The worst thing that an ISP or WISP can do is to support these things. The reason, is that if providers create the perception that this can happen and can be controlled, (networks to be open for what ever legal purpose), than there is absolutely no reason that the government should not keep supporting the ILECs and Cable companies to have preferencial treatment to expand their networks and take over more and more of the end users as monopolies. The monopolies have more financiaing and subsidies to full full FCC's biggest criteria to get broadband to EVRYONE. Why not support the heavy players (monopolies) if they are best apt to reach the largest number of americans sooner? If open access will be maintained, and content not blocked, what is the harm? It will only mean that Independant ISPs will go our of business or become more scarse, but content providers will be safe? This is false!!! Once the Monopolies have control of the end users and the market, they will make the rules, no matter what Congress or the FCC try to inforce. Just like Microsoft makes the rules today in applications bundled with its OS, indirectly beating the governemnts legal action against them regarding browser. When all the competition is wiped out, when the monopolie smake their own rules, what could the governemnt really do to enforce anything. What do you do when the private corporation (monoply) gets bigger than governement so to speak. Then the next wave start, the waive to take over content as well. Content providers are safe today for one reason and one reason only, there are MANY ISPs, so no single ISP or MONOPOLY has unfair leverage against the content providers. The tables will turn once the mopnpolies control the market. The bottom line is that content can be provided by any one, any where, at any given time. Access to the end user on the other hand can only be provided by one individual, the one the consumer has connected with. Because of this in a show down, where one provider blocks another, the Monopoly that own the last mile link to the custoemr will win, because they can instantly give the end user an alternate choice of content. The content provider can not give the consumer and instant alternate choice for a last mile provider.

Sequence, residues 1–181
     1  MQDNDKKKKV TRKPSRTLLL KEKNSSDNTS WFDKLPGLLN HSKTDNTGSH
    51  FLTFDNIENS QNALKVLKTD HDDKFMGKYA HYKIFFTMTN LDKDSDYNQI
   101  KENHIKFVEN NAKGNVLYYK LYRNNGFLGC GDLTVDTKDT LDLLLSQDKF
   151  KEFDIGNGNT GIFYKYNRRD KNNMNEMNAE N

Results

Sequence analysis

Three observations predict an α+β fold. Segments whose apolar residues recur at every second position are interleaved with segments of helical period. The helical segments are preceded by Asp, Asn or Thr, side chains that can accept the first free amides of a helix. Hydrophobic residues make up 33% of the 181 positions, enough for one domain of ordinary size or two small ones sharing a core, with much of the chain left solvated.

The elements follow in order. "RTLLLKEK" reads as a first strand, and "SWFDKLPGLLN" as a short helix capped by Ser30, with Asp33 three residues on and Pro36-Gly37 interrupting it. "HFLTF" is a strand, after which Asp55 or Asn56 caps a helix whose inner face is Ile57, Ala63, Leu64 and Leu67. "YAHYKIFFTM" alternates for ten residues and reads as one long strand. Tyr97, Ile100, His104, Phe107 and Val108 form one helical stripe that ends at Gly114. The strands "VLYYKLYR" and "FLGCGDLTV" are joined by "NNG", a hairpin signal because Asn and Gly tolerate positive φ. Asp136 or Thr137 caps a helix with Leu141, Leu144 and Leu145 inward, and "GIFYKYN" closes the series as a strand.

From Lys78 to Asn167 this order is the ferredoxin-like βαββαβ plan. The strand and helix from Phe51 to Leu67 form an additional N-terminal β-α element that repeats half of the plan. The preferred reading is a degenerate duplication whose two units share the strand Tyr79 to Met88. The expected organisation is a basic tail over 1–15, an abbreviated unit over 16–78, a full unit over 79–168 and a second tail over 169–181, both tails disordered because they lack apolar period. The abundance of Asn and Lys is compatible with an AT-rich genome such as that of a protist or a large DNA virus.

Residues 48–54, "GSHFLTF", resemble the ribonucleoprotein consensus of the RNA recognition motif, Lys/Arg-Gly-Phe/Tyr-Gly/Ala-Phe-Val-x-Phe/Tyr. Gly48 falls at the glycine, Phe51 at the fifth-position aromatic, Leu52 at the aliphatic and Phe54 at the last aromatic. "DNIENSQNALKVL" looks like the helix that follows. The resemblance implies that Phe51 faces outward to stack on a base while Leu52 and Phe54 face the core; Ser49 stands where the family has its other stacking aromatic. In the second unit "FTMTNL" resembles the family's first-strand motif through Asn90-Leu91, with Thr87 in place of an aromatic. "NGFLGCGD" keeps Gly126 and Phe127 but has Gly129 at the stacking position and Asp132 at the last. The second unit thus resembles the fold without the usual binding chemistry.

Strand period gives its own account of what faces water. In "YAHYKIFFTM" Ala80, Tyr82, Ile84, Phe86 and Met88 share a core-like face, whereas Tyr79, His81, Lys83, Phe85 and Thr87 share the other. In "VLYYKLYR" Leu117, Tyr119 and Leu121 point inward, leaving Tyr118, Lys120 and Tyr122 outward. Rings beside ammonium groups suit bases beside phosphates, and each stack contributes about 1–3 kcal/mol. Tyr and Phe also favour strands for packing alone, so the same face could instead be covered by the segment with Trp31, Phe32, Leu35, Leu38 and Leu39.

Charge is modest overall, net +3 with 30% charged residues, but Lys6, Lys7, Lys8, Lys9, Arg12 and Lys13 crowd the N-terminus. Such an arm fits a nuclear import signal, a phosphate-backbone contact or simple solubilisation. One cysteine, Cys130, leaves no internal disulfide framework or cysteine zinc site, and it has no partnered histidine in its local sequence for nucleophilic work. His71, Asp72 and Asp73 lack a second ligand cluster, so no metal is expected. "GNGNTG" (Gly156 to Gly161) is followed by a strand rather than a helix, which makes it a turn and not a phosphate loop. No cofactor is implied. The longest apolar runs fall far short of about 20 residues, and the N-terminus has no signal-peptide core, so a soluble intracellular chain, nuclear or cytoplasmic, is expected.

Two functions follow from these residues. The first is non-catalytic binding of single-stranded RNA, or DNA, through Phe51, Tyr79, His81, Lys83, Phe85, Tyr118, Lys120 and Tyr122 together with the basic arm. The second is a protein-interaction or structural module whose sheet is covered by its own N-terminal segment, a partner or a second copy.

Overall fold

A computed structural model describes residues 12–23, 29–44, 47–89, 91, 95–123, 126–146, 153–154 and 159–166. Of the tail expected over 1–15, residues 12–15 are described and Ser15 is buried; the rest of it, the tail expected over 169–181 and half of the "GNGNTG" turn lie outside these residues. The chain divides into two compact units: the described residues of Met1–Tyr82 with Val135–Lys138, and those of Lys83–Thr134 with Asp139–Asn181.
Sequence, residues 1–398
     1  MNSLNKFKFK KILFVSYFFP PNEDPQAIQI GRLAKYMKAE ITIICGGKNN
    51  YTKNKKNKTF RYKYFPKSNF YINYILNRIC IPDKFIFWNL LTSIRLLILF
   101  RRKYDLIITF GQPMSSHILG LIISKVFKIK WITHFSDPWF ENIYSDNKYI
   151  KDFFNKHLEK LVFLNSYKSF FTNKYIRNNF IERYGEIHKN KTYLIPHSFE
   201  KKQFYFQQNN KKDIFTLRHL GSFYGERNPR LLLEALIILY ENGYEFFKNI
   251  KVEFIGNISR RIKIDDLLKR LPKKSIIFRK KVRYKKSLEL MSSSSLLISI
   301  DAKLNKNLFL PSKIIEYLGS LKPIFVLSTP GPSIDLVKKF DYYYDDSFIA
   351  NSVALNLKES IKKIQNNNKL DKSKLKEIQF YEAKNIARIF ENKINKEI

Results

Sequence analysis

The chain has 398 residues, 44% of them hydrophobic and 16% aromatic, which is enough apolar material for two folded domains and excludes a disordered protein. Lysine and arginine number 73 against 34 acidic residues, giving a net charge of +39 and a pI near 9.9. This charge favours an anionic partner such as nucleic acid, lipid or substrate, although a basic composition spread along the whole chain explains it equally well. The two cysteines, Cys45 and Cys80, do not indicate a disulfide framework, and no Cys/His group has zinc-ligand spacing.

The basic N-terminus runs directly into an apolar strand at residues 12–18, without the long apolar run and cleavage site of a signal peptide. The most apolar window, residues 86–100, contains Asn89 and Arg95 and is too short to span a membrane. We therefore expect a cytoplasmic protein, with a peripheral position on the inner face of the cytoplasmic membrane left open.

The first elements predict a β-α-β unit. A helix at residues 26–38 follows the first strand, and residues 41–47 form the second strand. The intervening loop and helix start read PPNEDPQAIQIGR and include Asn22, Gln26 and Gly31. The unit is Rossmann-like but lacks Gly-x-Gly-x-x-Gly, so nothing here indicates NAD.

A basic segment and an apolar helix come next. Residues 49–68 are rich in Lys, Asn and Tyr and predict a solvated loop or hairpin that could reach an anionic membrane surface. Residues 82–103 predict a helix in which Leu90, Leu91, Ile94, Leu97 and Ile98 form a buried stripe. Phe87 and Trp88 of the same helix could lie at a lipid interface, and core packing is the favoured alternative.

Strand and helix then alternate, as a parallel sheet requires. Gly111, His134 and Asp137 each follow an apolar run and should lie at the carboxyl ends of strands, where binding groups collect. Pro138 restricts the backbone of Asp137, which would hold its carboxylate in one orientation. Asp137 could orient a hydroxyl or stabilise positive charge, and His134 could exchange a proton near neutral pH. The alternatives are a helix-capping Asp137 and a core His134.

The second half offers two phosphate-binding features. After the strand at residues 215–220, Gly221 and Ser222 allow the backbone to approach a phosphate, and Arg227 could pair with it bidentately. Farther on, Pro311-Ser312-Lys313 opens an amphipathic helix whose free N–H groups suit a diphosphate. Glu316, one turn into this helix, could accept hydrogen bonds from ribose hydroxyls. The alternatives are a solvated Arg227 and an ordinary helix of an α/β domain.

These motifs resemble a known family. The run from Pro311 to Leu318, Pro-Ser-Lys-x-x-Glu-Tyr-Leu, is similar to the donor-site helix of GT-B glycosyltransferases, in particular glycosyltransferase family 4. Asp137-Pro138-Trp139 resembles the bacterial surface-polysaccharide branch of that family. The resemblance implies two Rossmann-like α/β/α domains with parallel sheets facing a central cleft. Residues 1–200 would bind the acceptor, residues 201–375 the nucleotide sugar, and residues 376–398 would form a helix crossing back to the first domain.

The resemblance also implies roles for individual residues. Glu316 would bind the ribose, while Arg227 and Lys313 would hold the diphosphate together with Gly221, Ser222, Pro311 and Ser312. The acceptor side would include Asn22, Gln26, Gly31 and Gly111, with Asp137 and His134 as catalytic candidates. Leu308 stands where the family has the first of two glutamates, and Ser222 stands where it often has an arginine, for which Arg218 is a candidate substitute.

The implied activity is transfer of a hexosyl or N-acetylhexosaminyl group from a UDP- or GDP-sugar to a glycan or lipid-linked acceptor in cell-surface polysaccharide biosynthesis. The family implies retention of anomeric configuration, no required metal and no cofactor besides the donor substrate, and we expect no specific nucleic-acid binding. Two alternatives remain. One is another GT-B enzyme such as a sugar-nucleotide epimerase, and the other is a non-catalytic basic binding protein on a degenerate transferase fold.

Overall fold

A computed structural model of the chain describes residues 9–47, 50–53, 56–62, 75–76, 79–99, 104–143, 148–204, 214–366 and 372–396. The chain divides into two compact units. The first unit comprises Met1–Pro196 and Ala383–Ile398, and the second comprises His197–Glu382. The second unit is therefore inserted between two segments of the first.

Owning the end user connection (by many ISPs) is KEY to the success of fair play on the Internet. This is the reason congress and the FCC MUST support Independant ISPs and WISPs, and not give unfair competitive advantage to monopolies. Making rules that content must stay open, is jsut a fake advantage to give Monopolies a reason to justify why its safe to trust them to take over the world.

I am NOT a monopoly hatter, I believe the world is a better place because they are here to quickly serve the millions of end users that would not be served in a timely manner with out them, but to give them unfair advantage, and not guaranteeing that independants as a group can hold on to a large part of the market, is the most foolish thing that could ever happen. And thats the way congress and the FCC are going.

The message needs to get out, that it is IMPOSSIBLE to guarantee, detect, and inforce fair open content and practices, and for that reason it is impairative for national security and the consumer, that choice of last mile broadband providers continue to exist for them.